Florida’s Revenue Projections Get Bump

TALLAHASSEE — State economists on Tuesday increased general-revenue projections by about $2.18 billion for the current fiscal year and next year, giving a boost to lawmakers as they put together a new budget.

But more than $700 million of that increased revenue has already been allocated for things such as hurricane assistance and home-hardening programs.

Also, a long-range forecast projects mostly moderate annual revenue growth — 1.6 percent to 2.9 percent — after the current fiscal year ends June 30.

That could mean hard decisions as lawmakers push priorities with big price tags.

General revenue, which is made up of such things as sales taxes, plays a critical role in funding programs such as education, health care and prisons. A panel of economists, known as the Revenue Estimating Conference, meets periodically during the year to revise general-revenue estimates.

The projections released Tuesday replaced estimates issued in August and will be used by lawmakers in the coming weeks as they negotiate a budget for the 2024-2025 fiscal year, which will start July 1.

Most of the increase in projected revenues, about $1.591 billion, is expected during the current year.

Amy Baker, coordinator of the Legislature’s Office of Economic & Demographic Research, said that while the forecast environment has “greatly” stabilized since August, a potential for disruptions continues from geopolitical events, national fiscal-policy decisions and future Federal Reserve actions.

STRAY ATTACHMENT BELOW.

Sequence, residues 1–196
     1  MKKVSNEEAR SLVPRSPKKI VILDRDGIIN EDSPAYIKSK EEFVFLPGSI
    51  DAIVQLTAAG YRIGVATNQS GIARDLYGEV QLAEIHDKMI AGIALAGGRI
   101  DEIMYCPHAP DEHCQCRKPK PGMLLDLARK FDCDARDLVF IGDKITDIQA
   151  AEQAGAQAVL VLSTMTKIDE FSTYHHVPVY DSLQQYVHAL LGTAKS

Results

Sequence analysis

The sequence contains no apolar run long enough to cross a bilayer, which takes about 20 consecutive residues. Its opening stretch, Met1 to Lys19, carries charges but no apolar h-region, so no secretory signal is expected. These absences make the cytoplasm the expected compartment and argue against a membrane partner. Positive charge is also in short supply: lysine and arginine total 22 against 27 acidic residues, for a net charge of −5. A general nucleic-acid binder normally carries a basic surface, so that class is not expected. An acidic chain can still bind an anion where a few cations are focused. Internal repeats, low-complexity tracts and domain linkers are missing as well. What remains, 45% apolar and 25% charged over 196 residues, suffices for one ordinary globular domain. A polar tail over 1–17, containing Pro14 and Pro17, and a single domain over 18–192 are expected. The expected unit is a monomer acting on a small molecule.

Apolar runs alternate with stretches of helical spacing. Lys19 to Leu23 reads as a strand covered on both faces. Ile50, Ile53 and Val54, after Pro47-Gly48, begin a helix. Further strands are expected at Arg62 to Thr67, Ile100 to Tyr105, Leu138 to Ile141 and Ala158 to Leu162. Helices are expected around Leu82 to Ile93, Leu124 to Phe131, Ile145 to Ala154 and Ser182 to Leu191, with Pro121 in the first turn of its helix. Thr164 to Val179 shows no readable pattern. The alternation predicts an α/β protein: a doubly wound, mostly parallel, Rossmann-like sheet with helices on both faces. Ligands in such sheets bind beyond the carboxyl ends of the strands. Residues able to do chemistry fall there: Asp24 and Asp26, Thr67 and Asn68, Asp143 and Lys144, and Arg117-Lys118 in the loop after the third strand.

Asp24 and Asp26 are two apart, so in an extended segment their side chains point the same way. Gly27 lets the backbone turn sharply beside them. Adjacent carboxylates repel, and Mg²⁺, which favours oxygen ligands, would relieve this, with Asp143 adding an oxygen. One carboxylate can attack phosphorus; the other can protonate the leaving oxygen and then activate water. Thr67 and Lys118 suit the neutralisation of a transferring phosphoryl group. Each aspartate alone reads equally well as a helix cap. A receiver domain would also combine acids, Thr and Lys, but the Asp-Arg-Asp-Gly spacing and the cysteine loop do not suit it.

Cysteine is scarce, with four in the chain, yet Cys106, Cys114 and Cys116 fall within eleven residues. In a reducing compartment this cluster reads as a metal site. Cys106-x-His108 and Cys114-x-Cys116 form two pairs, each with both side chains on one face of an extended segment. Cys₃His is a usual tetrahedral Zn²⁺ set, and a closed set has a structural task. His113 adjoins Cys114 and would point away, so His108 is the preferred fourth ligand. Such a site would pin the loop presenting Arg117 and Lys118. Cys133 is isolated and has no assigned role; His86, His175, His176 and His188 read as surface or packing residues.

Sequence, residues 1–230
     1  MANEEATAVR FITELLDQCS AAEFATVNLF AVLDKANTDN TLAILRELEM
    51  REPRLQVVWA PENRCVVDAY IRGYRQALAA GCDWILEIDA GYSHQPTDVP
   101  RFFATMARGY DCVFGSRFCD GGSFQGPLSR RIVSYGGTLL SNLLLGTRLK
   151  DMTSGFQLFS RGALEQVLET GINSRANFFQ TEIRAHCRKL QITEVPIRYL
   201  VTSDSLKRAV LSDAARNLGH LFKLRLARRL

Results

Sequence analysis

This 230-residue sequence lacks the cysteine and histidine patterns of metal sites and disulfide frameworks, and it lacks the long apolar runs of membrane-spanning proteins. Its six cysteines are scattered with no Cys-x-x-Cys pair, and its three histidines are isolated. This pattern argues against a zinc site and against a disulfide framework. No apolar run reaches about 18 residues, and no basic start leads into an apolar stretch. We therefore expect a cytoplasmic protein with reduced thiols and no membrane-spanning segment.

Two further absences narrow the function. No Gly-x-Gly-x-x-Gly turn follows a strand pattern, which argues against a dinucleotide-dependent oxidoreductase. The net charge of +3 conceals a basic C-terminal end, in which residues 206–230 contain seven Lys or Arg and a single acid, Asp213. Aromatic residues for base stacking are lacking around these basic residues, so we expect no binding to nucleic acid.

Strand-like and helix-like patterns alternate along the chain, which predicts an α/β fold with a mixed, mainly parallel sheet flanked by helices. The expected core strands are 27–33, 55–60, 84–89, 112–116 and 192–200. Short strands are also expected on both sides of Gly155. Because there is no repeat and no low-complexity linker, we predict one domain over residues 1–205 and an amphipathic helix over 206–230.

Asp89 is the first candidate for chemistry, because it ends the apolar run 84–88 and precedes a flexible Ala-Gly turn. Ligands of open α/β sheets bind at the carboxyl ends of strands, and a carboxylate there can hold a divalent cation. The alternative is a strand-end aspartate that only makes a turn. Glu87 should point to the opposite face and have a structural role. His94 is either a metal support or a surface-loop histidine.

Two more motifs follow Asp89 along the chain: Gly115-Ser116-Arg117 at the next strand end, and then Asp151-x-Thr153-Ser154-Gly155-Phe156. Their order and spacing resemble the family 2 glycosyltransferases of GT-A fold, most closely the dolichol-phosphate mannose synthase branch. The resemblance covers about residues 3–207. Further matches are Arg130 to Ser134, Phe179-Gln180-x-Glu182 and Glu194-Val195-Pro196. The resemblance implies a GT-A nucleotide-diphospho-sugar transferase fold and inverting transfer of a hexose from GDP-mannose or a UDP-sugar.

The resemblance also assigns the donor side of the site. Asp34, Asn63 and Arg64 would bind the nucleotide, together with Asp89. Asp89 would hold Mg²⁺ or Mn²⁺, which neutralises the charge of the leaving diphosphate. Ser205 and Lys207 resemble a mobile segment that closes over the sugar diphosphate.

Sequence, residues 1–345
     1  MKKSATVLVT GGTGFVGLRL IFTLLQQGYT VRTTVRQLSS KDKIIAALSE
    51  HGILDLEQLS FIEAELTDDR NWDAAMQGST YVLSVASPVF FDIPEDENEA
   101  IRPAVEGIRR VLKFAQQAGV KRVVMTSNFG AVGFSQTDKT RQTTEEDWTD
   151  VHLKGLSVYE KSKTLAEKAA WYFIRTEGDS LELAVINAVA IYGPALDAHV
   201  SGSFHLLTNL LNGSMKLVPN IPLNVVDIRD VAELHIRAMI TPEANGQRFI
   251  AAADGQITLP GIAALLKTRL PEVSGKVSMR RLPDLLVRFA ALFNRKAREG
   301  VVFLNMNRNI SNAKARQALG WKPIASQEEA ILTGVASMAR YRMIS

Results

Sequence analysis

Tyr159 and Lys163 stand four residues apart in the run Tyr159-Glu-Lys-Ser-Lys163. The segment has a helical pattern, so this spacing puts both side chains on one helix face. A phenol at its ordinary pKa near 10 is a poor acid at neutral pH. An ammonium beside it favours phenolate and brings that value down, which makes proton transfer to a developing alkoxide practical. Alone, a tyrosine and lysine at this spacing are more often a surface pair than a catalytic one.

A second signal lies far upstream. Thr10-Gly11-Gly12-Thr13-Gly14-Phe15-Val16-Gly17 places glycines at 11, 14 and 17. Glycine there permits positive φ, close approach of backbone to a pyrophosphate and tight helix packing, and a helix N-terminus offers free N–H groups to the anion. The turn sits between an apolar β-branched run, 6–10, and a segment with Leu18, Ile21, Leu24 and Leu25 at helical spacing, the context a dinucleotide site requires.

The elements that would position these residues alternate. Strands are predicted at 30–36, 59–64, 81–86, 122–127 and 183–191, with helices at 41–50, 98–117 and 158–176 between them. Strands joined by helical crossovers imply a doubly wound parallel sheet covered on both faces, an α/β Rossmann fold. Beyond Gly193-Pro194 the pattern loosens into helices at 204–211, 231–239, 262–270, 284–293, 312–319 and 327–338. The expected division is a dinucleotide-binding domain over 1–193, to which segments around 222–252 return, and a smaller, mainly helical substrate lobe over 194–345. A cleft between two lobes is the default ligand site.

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“Things are much more stable. We have a lot of confidence in what we’ve seen that was reflecting a good level of (economic) activity for a variety of reasons. It’s going to last a little bit more,” Baker said. “But long term, once you get out of this year, there really wasn’t a big change to either our national or our Florida economic forecasts. So, it didn’t warrant persisting that level of change or that kind of a change into future years.”

The forecast boosts revenue projections by about $585.5 million, or 1.6 percent, for the 2024-2025 fiscal year and by $505.9 million, or 2.3 percent, for 2025-2026 fiscal year. The outlook goes up by $586.5 million, or 2.9 percent, for the 2026-2027 fiscal year and by $458 million, or 2.7 percent, for the 2028-2029 fiscal year.

In the August forecast, economists removed the prospects of a “mild” recession that was in the forecast earlier.

General revenue collections through December were up $1.26 billion, or 6 percent, over the August forecast, said Stephanie Massengale, who oversees monthly revenue and financial-outlook statements for the Office of Economic & Demographic Research.

The primary driver has been sales-tax collections, which were 4.1 percent over projections. They were followed by increases in corporate income taxes, earnings on investments — because of favorable interest rates — and insurance premium taxes, Massengale said.

Inflation has helped increase sales-tax collections because of higher prices on goods. But it has also resulted in consumers using more credit, which has drawn recurring concerns from economists in monthly reports.


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